Islamic orders


Islamic orders
The structure of Islamic orders in the PRC has remained congruent with that of the Republican period (1911–49). The majority of Chinese Muslims belong to the Sunni schools, which include followers of Gedimu, Yihewani, Islamic menhuan, Xidaotang, Salafiyyah and Yichan (Ishan) orders.
Gedimu, the oldest and largest school of the Sunnis, is also called Laojiao (Laopai) and has adherents throughout China. Gedimu places emphasis on basic beliefs and the five primary duties (Pillars) of all Muslims, respects Islamic orthodoxy and traditions, and strictly observes religious rites and tradition. The strong Confucian accretions have been modified since the 1990s, moving this tradition closer to other Islamic orders.
Xidaotang, also known as Hanxuepai (Chinese Islamic School), was founded in the early twentieth century, and most of its following is concentrated in Lintan county, Gansu province. Basic beliefs and practices of this school are similar to others, but it is more deeply permeated by the writings of Chinese Islamic scholars of the Ming and Qing periods. Xidaotang religious rites resemble the Gedimu school, but the organizational system is more akin to a Sufi menhuan. Before the early 1950s, Xidaotang functioned as both an Islamic school and an economic entity, but in the PRC it has only a religious function.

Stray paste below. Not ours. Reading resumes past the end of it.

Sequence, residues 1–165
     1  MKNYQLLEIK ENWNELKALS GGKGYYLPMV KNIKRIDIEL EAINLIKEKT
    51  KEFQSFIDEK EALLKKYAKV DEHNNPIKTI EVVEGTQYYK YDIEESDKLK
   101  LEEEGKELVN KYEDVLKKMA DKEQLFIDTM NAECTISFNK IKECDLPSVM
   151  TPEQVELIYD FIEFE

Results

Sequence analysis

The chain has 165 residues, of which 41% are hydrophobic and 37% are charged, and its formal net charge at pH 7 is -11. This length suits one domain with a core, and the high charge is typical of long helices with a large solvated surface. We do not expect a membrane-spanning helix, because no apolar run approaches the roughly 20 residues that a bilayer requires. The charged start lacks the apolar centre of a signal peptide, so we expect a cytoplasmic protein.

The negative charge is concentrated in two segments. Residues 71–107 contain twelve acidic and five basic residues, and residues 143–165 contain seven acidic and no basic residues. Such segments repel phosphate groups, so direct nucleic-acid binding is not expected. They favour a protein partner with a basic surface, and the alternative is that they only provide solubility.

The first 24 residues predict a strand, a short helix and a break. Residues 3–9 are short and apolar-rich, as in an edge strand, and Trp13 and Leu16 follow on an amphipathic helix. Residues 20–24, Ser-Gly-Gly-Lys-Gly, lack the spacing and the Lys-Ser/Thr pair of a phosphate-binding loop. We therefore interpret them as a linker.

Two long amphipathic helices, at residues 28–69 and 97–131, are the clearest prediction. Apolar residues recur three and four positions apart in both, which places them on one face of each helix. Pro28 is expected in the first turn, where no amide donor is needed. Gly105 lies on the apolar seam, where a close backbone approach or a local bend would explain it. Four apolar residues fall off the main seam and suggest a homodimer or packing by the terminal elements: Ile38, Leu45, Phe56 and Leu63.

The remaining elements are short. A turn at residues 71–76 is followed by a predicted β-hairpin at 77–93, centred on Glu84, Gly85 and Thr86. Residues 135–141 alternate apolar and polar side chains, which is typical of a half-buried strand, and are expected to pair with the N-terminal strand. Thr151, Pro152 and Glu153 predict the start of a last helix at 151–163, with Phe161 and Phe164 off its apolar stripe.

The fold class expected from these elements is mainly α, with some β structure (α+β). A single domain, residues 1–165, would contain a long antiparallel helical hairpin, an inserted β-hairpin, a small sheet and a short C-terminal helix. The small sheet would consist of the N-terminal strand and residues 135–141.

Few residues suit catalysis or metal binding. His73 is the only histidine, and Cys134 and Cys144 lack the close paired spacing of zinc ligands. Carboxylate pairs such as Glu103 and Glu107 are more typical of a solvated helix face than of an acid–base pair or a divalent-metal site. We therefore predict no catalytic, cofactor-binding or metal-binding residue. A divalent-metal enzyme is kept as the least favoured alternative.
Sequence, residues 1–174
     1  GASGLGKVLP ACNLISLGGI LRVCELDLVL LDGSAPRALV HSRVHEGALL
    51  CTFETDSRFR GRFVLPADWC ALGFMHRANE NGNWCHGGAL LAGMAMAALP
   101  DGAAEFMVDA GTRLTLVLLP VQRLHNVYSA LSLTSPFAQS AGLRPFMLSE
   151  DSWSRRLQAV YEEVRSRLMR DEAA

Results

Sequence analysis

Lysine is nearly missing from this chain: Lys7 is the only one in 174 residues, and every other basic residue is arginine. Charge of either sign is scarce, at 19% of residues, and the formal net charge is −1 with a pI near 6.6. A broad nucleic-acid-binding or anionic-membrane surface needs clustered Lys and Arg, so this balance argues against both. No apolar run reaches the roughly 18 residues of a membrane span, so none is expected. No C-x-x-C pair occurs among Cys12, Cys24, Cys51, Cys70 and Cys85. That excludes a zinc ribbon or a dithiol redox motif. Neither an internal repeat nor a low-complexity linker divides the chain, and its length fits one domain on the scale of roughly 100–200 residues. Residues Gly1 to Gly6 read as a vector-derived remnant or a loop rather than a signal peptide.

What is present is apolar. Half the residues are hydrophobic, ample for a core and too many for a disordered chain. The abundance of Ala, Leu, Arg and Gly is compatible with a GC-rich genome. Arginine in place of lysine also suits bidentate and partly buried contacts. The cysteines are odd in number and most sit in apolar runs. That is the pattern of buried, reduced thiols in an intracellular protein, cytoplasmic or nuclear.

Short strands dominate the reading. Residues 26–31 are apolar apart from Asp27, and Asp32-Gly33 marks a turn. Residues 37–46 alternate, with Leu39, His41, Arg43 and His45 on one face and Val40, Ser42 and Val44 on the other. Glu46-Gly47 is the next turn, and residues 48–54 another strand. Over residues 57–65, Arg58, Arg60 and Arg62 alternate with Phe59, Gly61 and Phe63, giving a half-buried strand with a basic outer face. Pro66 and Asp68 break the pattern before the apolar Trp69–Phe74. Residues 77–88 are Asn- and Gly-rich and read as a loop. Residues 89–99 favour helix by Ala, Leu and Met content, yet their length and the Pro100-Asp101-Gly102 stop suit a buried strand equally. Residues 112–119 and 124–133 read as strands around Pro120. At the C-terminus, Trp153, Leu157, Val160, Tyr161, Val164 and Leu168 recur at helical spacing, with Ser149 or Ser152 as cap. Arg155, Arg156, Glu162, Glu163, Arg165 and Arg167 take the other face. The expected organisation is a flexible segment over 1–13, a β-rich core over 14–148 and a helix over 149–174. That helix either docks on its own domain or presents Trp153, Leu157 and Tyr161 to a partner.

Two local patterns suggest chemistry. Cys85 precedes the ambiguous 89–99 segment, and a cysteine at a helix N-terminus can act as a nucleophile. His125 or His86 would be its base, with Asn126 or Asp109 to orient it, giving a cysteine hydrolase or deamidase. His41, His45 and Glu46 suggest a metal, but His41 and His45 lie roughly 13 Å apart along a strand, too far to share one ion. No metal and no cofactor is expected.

Salafiyyah, also called Santaipai because worshippers raise their hands three times in prayers, was founded in 1930s but developed only in the 1950s. This school, similar to the Islamic Brotherhood, is influenced by Wahhabi fundamentalism and follows the ‘ancient way’ in a strict interpretation of the Koran and Hadith (oral teachings). The growing number of adherents, a development particularly notable since the 1990s, are located in Qinghai province—in Linxia, Lanzhou, Tianshui, Xian, Zhangjiachuan and other cities.
Yichan (Ishan), practised among Xinjiang minorities, shares similarities with Sufi menhuan. But their religious practices and rites have come to intermingle more closely with other local religious traditions.
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SHUI JINGJUN

Encyclopedia of contemporary Chinese culture. . 2011.

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